Sunday, June 25, 2017

Beachcombing the Great Plains

by Maureen Kingston

“I love forms beyond my own and regret the borders between us” -- Loren Eiseley

She’s out pilgrimaging again, searching for a peaceful place to kneel, to take stock. The wind blows her to a familiar dent in the Sandhills, a trove of ruin hidden by tallgrass and dune. Blood-and-flesh folk lived here once, a settlement of clay houses and lean-tos. Only a stand of graves remains: larger than a family plot, smaller than a cemetery.

She steps around the fading slabs, steers to the misfit, the object of her obsession. The first time she saw it she thought it was a Christmas ham studded with cloves. She wanted to tear off a piece of crackle, let its juice run down her chin. Later, in a different mood, she imagined the blob to be the petrified remains of a dinosaur sneeze. A science pal eventually set her straight, identified the errant rock as chondrite, a spongy meteorite.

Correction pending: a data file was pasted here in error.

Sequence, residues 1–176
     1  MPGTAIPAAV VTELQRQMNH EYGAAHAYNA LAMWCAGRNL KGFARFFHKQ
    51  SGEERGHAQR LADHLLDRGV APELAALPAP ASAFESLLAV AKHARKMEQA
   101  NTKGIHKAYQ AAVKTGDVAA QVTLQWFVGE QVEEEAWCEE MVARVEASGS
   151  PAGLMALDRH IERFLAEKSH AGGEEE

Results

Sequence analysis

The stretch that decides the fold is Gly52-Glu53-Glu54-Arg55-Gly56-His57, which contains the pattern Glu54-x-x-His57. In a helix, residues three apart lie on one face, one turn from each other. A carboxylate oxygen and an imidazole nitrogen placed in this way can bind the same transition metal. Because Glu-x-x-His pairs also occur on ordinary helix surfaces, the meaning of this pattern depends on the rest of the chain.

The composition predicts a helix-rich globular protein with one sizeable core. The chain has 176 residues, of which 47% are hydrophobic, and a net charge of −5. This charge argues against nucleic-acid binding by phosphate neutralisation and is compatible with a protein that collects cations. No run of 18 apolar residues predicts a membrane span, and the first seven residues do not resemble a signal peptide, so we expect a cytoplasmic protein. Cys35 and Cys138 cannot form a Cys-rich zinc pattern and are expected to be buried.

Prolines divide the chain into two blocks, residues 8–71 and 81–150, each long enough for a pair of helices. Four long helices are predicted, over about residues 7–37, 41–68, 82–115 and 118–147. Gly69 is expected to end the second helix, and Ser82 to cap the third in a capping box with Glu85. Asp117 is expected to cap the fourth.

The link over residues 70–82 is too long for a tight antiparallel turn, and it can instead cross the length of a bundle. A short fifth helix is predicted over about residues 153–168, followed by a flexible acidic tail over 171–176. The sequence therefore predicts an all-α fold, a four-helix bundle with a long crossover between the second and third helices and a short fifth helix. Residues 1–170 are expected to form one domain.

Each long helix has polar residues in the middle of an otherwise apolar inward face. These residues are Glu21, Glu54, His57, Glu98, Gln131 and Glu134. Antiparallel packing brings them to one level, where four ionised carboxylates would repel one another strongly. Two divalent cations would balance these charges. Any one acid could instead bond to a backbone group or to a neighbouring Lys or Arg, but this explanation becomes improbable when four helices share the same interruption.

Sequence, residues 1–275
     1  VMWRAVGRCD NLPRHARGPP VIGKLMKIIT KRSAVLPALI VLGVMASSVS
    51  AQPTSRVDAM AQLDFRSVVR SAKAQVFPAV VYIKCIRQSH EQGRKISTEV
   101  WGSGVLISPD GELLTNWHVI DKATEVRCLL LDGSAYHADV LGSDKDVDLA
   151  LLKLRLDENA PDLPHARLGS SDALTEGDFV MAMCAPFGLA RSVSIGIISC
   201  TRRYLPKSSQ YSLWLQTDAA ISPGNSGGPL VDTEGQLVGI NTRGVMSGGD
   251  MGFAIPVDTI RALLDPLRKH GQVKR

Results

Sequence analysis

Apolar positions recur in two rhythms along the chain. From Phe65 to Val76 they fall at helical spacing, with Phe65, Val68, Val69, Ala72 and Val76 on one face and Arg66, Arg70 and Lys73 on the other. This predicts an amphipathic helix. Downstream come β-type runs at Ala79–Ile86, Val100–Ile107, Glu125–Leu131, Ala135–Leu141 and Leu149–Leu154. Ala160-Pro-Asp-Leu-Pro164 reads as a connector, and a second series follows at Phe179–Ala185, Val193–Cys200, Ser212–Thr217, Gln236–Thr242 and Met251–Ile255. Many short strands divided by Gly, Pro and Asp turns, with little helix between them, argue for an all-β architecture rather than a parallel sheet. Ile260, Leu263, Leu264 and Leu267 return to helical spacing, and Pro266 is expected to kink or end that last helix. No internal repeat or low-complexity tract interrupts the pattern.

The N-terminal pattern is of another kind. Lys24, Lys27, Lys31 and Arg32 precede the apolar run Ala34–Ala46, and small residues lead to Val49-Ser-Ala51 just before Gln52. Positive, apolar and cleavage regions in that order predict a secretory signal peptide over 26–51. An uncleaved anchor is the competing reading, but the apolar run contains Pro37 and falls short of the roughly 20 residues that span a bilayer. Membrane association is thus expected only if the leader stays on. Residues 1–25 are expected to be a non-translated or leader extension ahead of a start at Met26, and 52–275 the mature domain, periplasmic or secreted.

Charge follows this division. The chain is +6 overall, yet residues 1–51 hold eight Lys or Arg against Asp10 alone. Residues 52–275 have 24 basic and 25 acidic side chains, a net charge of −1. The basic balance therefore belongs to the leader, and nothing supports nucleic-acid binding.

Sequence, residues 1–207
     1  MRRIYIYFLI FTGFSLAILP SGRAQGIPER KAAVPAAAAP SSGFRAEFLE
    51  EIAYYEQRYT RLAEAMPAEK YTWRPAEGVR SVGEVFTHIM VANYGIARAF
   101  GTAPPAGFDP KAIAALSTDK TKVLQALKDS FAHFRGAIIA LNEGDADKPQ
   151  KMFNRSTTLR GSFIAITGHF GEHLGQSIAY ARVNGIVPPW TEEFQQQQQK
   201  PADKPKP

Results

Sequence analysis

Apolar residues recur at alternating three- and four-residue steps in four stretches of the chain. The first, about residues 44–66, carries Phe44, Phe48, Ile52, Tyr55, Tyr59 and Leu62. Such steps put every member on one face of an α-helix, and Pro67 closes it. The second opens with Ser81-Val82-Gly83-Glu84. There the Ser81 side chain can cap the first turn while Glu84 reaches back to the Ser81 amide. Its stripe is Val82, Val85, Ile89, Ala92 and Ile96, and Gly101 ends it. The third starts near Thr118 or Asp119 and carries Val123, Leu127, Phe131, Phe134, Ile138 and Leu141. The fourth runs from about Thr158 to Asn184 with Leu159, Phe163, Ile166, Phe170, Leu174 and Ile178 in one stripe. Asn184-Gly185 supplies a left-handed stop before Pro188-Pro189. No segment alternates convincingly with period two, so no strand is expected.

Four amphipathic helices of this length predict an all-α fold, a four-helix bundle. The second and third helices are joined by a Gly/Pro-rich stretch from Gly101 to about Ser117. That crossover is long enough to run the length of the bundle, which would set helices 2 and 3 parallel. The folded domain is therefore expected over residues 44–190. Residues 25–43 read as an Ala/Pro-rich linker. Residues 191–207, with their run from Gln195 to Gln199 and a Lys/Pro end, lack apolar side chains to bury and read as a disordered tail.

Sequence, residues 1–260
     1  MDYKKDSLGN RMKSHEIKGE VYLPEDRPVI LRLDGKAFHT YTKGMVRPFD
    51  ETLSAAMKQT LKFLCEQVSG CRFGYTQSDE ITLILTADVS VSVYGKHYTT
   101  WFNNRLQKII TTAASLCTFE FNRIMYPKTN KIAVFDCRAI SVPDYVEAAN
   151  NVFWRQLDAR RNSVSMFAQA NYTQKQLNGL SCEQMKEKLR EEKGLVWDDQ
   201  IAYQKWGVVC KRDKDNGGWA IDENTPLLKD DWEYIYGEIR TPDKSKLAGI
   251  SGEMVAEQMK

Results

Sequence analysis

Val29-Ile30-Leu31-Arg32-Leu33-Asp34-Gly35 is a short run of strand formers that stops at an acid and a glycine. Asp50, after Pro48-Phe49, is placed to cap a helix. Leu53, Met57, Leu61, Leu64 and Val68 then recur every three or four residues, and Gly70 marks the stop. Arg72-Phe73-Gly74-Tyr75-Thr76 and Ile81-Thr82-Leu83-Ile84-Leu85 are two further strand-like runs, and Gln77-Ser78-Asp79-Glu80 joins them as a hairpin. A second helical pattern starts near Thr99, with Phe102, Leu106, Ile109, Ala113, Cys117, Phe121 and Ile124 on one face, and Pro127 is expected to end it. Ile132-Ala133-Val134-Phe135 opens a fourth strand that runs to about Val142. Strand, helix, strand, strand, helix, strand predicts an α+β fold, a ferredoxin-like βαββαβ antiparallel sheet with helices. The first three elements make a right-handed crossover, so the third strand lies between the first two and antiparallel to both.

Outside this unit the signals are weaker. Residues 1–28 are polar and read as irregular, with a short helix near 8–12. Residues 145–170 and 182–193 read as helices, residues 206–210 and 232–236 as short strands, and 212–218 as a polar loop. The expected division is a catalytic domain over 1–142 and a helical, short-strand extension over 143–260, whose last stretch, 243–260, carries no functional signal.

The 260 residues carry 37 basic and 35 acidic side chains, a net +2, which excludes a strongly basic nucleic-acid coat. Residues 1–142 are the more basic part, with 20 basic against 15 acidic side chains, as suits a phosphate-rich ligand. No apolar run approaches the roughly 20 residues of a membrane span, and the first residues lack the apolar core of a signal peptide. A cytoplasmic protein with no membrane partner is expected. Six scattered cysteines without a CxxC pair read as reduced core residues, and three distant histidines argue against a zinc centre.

Mystery solved. And not solved. She still doesn’t know why the chunk of char brings comfort; why stroking its alien Braille calms her mind. The settlers must’ve been comforted by it, too, or why bury their dead around it?

summertime reading . . .
alone, never alone
stone rubbing

No comments:

Post a Comment